~200 emails each month from users who want to write code
Many newcomers have no idea how to get started
Don't know what they can or even want to work on
We mentor new hires and interns - why not community members?
Mentors for individuals won't scale. Let's mentor specific tasks!
Bug mentorship is a contract that says:
We want this problem fixed
The mentor understands how this can be done
The mentor will answer questions, review changes, and make the process as easy as possible
Several teams embraced mentored bugs in Q1. The results?
50 bugs fixed by 15 different contributors
Patches from 7 community members in 10 bugs
14 separate individuals fixing bugs
Oh snap! Turns out there are lots of smart people who can get things done when given the right tools.
It's easy! To mark a bug as mentored,
[mentor=mentor's name] annotation to the bug's whiteboard (eg.
[lang=required programming language] annotation as well (eg.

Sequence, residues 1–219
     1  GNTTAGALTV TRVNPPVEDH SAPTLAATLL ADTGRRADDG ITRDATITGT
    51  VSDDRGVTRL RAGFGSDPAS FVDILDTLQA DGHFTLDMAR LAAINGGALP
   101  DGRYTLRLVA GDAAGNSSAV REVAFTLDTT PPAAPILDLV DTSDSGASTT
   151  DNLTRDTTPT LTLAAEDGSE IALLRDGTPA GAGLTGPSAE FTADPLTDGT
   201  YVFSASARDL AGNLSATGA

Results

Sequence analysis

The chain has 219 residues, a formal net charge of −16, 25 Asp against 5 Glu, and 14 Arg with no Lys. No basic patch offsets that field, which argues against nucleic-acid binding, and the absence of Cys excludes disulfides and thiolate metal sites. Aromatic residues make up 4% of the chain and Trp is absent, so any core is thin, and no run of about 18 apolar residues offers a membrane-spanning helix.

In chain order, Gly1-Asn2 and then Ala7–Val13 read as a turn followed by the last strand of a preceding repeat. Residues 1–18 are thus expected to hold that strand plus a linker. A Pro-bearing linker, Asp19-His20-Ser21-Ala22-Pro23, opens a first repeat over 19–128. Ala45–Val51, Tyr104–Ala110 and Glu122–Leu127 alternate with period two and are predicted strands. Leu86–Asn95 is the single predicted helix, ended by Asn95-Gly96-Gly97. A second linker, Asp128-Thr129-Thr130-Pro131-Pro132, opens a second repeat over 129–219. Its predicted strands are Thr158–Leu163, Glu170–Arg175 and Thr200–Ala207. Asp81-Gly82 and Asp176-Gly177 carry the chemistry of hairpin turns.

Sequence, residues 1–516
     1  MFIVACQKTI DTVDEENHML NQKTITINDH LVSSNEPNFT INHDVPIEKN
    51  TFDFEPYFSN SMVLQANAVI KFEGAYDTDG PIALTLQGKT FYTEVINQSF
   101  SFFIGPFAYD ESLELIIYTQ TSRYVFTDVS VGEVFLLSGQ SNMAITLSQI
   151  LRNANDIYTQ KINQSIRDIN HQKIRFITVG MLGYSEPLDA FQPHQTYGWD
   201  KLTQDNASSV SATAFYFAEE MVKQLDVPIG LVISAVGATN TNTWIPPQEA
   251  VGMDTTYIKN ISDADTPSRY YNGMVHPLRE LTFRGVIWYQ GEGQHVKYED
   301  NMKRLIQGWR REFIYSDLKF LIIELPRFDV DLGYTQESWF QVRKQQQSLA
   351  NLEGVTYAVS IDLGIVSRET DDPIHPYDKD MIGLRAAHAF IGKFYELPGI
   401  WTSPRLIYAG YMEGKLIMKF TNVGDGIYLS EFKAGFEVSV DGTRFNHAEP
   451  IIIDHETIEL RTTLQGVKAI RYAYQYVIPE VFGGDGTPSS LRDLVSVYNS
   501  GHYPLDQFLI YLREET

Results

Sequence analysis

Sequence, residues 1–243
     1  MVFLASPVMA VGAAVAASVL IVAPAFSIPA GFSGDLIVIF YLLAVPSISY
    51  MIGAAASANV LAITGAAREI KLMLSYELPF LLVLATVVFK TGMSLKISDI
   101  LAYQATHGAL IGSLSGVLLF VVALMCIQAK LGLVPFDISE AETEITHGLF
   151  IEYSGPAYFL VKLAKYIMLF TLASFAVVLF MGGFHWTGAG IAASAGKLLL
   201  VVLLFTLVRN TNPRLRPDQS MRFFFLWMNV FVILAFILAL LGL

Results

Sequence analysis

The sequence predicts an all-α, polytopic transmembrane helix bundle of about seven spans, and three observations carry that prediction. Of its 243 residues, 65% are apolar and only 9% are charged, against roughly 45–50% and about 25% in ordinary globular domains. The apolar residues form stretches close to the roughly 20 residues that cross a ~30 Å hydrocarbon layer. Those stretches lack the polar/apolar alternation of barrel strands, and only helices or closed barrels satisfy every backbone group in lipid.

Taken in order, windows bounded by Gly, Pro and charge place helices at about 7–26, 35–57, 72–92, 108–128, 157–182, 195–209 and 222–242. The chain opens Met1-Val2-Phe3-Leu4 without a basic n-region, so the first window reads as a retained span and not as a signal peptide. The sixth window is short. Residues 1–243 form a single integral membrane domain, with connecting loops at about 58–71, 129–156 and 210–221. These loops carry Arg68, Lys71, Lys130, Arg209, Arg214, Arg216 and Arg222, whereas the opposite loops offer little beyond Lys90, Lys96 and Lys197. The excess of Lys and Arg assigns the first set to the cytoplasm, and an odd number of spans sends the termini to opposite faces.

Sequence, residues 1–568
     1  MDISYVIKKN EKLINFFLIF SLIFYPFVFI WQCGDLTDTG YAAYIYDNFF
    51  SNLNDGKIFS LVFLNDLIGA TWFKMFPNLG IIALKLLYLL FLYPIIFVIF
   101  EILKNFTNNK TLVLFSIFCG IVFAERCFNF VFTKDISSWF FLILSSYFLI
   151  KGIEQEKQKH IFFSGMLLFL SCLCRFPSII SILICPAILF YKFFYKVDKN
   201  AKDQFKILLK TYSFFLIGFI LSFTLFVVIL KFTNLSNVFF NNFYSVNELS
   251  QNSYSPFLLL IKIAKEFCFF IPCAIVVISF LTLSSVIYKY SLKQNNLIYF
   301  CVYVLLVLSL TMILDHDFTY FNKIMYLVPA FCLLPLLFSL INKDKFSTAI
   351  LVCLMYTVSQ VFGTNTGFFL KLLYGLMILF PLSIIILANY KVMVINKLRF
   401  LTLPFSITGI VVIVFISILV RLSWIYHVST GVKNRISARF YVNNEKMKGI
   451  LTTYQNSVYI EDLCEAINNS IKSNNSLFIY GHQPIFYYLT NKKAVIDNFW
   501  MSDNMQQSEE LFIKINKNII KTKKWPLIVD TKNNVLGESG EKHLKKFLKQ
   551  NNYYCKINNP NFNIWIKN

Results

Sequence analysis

This makes them appear in the Bugs Ahoy! tool:
These annotations are not magic. A good mentored bug requires:
A clear description of the problem, and steps to reproduce (if applicable)
Links to relevant documentation (eg. if running automated tests, link to the page and even give the full command)
Clear steps that should be taken for the fix - include MXR links!
These tasks are often a new contributor's very first time touching Mozilla code: write accordingly.
Here's a good example of a thorough description.
This is a larger topic than one slide can cover, however if a bug:
Should be fixed
Is not time-sensitive
Has clear steps to reproduce
Is well understood
It's a good candidate for mentoring! It doesn't have to be trivial; there is a hunger for mentored, nontrivial bugs as well.
Please consider whether you would be a good mentor :)
Mentored bugs help everybody - contributors, developers, and you!
Contact me about any of this: jdm (IRC), email@example.com